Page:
Posted by dharme999 on (November 22, 2012, 13:18 GMT)

Stop critising him,if u think ponting,kallis,hayden,gavaskar,richards are greater than this master,than compare their contribution in entertainment with viru..Richard took 120 tests for his 8500..and Sehwag has done it in 100..than who is more consistent...How many centuries ponting had hit on flat indian tracks?If sunny was greater than him than why he played 174 for his 36 in 1975 WC..That are some reasons so why he is arguably the greatest entertainer of our time...He ownly explained his true batsmanship with his skills..

Posted by Fast_Track_Bully on (November 22, 2012, 12:04 GMT)

He may not be greatest, but you cannot ignore him. He wicket is most wanted for the bowlers.

Posted by tntn on (November 22, 2012, 11:32 GMT)

@vaidy: You may agree good ,great are all adjectives which will change from one individual to another. we need some match winners and he is one. scores fast, sets up a game for big innings total and genuinely gives our bowlers the runs to back their skill.

Posted by harishk19812007 on (November 22, 2012, 11:20 GMT)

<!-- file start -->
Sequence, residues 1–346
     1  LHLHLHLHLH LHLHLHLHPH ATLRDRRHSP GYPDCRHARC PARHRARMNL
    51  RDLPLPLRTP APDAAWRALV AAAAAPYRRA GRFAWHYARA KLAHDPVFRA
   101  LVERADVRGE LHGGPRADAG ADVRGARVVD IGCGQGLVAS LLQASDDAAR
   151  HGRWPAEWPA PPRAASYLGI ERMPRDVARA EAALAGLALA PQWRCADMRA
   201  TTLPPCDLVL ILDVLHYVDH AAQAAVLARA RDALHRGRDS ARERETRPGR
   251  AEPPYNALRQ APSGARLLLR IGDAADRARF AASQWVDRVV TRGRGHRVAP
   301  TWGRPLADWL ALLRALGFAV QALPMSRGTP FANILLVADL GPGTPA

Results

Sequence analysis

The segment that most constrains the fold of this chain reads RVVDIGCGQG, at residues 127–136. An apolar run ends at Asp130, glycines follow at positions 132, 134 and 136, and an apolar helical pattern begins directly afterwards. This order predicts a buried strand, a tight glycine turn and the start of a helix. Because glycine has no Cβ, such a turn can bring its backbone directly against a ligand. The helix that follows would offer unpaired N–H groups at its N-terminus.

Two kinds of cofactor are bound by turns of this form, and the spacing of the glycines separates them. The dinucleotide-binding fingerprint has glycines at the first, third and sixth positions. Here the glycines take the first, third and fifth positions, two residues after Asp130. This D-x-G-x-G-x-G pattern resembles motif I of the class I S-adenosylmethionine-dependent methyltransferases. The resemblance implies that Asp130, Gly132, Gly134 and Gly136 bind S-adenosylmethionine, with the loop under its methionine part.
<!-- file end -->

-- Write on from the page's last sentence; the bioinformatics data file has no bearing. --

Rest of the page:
If subcontinent conditions is batting friendly how many of these so called batting greats from Australia, England & south Africa has prospered in same conditions & if they are so great in so called "tough conditions" & so much "technically sound"...shouldn't they be scoring at a strike rate of 300+ ???????? this question goes to Bradman & Gilchrist & so slef acclaimed greats by ther respective country men....soooo stop making comments like flat track bullies.... its absolutely ridiculous & utter non sense.....I am a sehwag fan & he is extraordinary & if these so proclaimed people are great i think sehwag is the greatest coz he opened the innings against the new ball (most of his career)& always in test cricket the best bowlers in the team ALWAYS open bowling when athey are fresh & the other so called greats hide behind the openers & score when the bowlers are either tired or over confident after getting couple of wickets..overall Sehwag is a great player, everyone has lean patches.